Hospital workers and doctors join mass Greek strike

But MPs must vote for new cuts and tax rises to secure a €130bn loan to remain in the euro

Athens

Greek workers began a week-long series of protests today, upping the pressure on the government to vote down a crucial austerity package in parliament this week.

The painful cuts and tax hikes are demanded by international creditors in exchange for a €31bn loan instalment, designed to save Greece from bankruptcy and prevent the country's exit from the eurozone.

Journalists, state doctors and public transportation workers were among those striking today, their industrial action acting as a prelude to a nationwide 48-hour general strike due to begin today as parliament debates the contentious austerity measures worth €13.5bn.

Taxi drivers marched in the northern port town of Thessaloniki while hospital workers conducted a sit-in at government buildings in Athens yesterday.

Panos Papanikolaou, a neurosurgeon at one of the country's largest hospitals, said the measures would only further undermine the country's ailing healthcare system. "Doctors and hospital workers have started to strike because the measures will ruin our lives and the country's healthcare system," he said. Cuts in healthcare will close down many hospitals, reducing the country's hospital beds by nearly a third, the union of hospital doctors warned.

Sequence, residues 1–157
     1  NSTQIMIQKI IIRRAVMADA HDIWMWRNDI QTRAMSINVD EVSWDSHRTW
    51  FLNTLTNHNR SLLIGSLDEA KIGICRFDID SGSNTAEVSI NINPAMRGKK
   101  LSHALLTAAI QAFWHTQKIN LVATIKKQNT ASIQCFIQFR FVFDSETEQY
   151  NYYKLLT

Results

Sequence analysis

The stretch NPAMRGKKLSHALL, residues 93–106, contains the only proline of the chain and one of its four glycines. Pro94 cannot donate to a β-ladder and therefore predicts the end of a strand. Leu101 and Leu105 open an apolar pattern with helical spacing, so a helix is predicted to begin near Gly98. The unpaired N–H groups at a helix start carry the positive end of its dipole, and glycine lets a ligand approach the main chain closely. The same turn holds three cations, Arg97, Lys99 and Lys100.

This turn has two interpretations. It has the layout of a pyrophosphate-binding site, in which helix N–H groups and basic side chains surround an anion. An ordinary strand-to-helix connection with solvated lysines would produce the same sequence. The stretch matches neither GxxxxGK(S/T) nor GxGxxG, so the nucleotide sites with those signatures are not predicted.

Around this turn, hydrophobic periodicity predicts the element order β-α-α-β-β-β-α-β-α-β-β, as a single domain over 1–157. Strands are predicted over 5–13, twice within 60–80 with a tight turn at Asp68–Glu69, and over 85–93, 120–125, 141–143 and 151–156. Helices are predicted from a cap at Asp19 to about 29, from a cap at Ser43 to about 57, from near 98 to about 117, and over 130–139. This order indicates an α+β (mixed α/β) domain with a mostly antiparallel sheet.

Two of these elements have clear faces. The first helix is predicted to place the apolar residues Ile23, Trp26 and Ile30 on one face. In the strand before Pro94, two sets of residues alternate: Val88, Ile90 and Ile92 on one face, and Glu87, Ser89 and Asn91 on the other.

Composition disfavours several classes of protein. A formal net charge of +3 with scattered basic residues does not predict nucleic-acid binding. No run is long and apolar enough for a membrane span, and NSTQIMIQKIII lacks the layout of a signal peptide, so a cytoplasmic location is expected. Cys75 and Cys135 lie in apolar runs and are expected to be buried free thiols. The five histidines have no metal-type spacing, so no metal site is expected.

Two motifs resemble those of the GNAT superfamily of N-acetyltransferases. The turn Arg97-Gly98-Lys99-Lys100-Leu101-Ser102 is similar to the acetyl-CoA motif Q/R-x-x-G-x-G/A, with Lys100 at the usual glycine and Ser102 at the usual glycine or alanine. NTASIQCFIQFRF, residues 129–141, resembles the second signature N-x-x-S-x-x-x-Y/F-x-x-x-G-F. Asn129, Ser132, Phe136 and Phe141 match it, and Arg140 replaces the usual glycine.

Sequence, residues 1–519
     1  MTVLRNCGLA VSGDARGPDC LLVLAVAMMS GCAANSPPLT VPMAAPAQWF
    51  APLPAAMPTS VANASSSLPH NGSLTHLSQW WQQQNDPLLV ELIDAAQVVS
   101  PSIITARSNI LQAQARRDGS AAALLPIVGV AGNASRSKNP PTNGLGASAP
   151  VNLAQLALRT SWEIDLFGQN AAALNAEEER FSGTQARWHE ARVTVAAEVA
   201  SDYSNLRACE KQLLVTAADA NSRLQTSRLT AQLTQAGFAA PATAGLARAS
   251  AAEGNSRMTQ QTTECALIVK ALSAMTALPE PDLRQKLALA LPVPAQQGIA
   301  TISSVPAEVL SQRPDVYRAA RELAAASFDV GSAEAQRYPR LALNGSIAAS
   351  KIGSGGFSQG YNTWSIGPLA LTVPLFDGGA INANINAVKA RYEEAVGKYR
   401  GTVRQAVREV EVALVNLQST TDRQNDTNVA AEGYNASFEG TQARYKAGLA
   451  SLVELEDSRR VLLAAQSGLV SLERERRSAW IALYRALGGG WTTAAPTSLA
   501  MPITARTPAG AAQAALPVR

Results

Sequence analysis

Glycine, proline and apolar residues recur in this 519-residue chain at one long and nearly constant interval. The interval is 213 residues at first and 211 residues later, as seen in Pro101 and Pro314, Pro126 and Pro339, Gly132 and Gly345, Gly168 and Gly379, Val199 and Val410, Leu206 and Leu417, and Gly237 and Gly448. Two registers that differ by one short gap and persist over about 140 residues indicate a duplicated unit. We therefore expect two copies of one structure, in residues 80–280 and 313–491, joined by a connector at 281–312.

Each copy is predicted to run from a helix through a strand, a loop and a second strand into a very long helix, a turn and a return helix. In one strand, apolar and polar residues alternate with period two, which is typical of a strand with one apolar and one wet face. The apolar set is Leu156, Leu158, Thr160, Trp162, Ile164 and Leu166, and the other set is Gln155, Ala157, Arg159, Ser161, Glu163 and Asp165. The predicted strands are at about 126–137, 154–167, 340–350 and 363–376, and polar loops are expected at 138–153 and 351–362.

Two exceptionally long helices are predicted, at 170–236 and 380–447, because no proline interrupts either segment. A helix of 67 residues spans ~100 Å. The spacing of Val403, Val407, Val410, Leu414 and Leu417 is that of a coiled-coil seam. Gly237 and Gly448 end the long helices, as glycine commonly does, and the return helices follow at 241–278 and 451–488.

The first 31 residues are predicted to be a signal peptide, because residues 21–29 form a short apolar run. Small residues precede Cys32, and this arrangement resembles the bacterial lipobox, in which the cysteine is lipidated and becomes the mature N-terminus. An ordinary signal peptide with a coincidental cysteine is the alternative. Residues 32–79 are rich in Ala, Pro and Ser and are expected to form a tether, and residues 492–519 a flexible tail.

Mr Papanikolaou, who has been working for over 20 years, has seen his monthly wage drop to €1,330, from €2,030 in 2010. He worries that the spending cuts will reduce his income by another 25 per cent.

The austerity package is scheduled to be voted on on Wednesday, while the budget for 2013 is to be voted on on Sunday. The country's premier, Antonis Samaras, speaking to his party on Sunday warned of "catastrophic" implications if the country were to be forced out of the euro. "It would destroy our society, level our economy and blow up our democracy," he said, in an effort to rally his MPs.

Mr Samaras argued the vital aid would help reverse the country's recession, as only 10 per cent would be used to repay creditors. The cash would be directed at strengthening the banks, allowing them to approve loans and jump-start the economy.

Democratic Left, the junior party in the country's ruling coalition government, opposes thorny labour reforms included in Wednesday's bill that will make it easier for employers to fire staff and reduce salaries in the private sector. The issue has pitted elements within the fragile coalition against each other.

The numerous meetings between the leaders of Greece's coalition partners have failed to resolve the political deadlock as Democratic Left is determined to vote down the package.

The dispute between Democratic Left and the Premier Antonis Samaras is also infecting the country's second largest coalition partner, Pasok.